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As Anne Boden’s successor is sought, can Starling make it as a bank and tech provider?

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Always a controversial figure, Anne Boden has hit the headlines again after stepping down as CEO of Starling Bank. Her announcement of remaining on the Board but no longer being the leader of the bank was originally made in May:

Boden, who owns 4.9 per cent of the bank she founded in 2014, said she would step down at the end of June following discussions with the board about the risk of a conflict. She said she had initiated those talks about six months ago. “Modern-day governance is all about the board setting the strategy and the chief executive carrying it out,” said Boden. “As a major shareholder, that’s very difficult to do if you’re also chief executive.”

At the time, it seemed like a bit of a weak excuse for stepping down and, in June, a little more insight came out in the wash:

Boden’s decision followed a clash with investors over fund manager Jupiter’s decision in February to sell its holding in the bank at a price that cut Starling’s valuation from £2.5bn to between £1bn and £1.5bn, according to people familiar with the situation.

Now, there’s a little bit more insight appearing:

One former employee of Starling said there was internal scepticism about whether Boden, who some consider a retail banker at heart, could oversee the switch to a tech-focused business.

Having known Anne for a long time, she is a banker at heart. She would admit that. But she created a bank based upon technology to challenge the banks who didn’t get what technology could do. An abrasive character – some would liken Anne to Marmite, you either love her or not – she created a challenger bank that has been incredibly successful. Yet, it is also a schizophrenic bank. On the one hand, it a bank for consumers and small businesses that has found a strong niche in the UK; on the other, it is a bank that has developed its own suite of technologies that are sold to other banks around the world.

It is (a) a bank, and (b) a bank that offers Banking-as-a-Service.

Their BaaS system is called Engine, which they describe as a cloud native, full featured, and flexible SaaS banking platform. Build your financial products on our software.

What’s interesting about these developments is that you now have a bank that wants to challenge mainstream banks in Britain – the original intent – and a technology company that wants to challenge all other providers from 10x to FIS. In fact, if we discuss BaaS, it is a very crowded space today:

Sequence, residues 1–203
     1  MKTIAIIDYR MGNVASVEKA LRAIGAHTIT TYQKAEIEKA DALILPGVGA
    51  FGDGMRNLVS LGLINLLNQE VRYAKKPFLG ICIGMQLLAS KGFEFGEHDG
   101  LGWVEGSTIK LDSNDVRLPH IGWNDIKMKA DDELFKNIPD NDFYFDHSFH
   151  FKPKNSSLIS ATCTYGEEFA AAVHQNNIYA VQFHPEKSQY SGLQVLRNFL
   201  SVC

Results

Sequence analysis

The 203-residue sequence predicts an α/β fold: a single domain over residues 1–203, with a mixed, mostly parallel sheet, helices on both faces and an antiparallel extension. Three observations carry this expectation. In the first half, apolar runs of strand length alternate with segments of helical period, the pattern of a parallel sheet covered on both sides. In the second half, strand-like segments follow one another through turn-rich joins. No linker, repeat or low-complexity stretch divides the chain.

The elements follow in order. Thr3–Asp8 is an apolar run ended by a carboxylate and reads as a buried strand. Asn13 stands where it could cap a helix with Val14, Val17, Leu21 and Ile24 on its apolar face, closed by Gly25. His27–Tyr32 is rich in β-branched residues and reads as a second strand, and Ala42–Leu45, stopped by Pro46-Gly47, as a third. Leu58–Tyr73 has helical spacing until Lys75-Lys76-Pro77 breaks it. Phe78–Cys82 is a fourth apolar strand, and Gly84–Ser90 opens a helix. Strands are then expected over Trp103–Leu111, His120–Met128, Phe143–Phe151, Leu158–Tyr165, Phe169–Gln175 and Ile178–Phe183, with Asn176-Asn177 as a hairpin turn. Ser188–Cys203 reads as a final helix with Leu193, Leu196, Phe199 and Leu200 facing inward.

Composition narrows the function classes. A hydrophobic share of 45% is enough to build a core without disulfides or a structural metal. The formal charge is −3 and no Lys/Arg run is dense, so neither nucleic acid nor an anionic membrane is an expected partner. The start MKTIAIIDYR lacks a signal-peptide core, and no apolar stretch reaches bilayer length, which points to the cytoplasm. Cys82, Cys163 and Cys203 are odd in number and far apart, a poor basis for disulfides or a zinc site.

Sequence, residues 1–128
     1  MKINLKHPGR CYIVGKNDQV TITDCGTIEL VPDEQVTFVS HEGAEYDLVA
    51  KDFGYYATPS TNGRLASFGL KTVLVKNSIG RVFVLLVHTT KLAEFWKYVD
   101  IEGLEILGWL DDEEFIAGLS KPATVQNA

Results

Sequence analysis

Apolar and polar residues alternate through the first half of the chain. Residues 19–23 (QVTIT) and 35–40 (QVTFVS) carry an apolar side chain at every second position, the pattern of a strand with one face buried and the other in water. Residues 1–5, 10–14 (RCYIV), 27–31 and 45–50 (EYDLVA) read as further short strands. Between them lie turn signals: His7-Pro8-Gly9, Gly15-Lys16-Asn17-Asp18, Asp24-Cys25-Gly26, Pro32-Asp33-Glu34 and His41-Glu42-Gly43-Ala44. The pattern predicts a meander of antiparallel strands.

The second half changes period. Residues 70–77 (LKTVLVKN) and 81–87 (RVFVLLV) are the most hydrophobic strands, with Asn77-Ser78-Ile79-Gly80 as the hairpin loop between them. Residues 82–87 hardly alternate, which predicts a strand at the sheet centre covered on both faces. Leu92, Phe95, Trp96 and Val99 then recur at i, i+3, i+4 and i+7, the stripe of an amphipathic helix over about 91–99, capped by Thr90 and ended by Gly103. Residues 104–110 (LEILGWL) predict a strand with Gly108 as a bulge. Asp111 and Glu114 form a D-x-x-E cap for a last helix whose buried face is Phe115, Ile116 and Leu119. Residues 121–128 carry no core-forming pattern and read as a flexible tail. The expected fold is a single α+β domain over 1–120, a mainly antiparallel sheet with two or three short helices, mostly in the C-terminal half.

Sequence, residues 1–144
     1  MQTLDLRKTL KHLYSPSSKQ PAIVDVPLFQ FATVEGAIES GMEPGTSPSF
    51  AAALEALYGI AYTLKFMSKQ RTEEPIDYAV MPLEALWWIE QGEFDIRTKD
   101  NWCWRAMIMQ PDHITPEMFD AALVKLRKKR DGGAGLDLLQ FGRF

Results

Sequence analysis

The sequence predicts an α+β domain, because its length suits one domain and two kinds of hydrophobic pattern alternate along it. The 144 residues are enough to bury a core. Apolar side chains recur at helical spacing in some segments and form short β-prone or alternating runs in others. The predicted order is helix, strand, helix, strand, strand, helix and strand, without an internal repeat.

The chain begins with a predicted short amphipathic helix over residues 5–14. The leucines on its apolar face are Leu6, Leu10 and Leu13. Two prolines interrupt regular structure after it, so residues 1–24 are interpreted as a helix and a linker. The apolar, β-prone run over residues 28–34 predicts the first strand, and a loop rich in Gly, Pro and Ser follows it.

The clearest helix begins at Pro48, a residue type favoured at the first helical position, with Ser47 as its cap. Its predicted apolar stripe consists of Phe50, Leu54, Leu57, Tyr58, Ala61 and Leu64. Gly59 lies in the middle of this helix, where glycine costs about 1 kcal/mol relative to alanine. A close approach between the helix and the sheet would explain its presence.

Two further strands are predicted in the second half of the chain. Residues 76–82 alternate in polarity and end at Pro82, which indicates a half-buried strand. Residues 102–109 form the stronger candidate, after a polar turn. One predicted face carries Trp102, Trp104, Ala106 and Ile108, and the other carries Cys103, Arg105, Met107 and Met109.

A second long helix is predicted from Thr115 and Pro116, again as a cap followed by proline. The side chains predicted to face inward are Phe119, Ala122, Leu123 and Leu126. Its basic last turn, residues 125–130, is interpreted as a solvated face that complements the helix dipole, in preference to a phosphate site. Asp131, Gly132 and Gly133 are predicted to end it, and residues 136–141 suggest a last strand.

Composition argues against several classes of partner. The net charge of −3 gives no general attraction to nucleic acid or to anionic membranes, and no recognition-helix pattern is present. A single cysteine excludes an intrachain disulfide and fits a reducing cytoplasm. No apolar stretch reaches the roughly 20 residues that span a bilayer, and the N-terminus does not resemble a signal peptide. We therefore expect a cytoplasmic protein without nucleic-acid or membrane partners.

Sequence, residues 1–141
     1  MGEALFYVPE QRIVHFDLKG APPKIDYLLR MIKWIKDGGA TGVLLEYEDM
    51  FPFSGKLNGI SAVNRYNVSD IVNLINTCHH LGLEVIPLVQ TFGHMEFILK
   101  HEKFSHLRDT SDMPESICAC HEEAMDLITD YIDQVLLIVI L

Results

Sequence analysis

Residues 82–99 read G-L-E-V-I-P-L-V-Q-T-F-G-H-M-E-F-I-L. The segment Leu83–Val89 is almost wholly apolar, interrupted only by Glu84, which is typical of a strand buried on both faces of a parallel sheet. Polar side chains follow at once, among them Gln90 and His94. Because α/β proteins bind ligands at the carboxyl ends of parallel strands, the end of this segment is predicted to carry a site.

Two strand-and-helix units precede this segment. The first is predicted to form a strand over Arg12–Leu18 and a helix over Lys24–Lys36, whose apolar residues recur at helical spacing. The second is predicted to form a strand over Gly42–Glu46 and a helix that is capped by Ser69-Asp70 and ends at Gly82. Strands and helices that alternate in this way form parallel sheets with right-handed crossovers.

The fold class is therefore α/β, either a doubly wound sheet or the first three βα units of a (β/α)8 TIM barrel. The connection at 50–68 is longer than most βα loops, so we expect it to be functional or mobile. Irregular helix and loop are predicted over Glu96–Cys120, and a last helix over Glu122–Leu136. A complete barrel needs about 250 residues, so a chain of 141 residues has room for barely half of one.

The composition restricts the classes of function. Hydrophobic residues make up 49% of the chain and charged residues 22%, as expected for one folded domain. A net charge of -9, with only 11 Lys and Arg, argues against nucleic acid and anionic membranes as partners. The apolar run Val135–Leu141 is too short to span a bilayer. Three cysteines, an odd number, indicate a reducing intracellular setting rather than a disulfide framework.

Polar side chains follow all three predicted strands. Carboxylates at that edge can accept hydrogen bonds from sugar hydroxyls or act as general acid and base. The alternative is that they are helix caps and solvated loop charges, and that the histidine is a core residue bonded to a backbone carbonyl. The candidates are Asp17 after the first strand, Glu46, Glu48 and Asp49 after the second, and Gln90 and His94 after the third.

This makes it clear that either agenda is a big ask. Doing both agendas seems a bit like asking to land on Mars whilst, on the way, dropping a package on the Moon. Surely would it not be better to achieve one and then consider the other? Or maybe, and more likely, the executive of Starling felt they had achieved the challenger status in the late 2010s and decided that international expansion would not be easy so, instead, why not sell their technology assets to overseas banks instead? The Financial Times expands on this question:

The hope is that Starling can recreate itself as a highly valued tech-focused company by licensing its own banking platform, Engine, to other financial groups. “Their long-term strategy is the tech, not the bank,” said one former senior employee. “Starling Bank might become a spin off but the primary business model is to franchise out the tech stack.”

In reading the reports of what is happening, it seems to be that Starling has moved from a clear, laser-focused company determined to build a strong new UK bank to a diffused and more fragmented vision of being a strong UK bank that sells its capabilities to non-UK banks as a technology developer.

For more background, go checkout confused.com.

 

Postscript: it did amuse me that as I found Starling is looking for Anne's successor, so is Tibet:

Who will succeed the Dalai Lama?

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Chris M Skinner

Chris Skinner is best known as an independent commentator on the financial markets through his blog, TheFinanser.com, as author of the bestselling book Digital Bank, and Chair of the European networking forum the Financial Services Club. He has been voted one of the most influential people in banking by The Financial Brand (as well as one of the best blogs), a FinTech Titan (Next Bank), one of the Fintech Leaders you need to follow (City AM, Deluxe and Jax Finance), as well as one of the Top 40 most influential people in financial technology by the Wall Street Journal's Financial News. To learn more click here...

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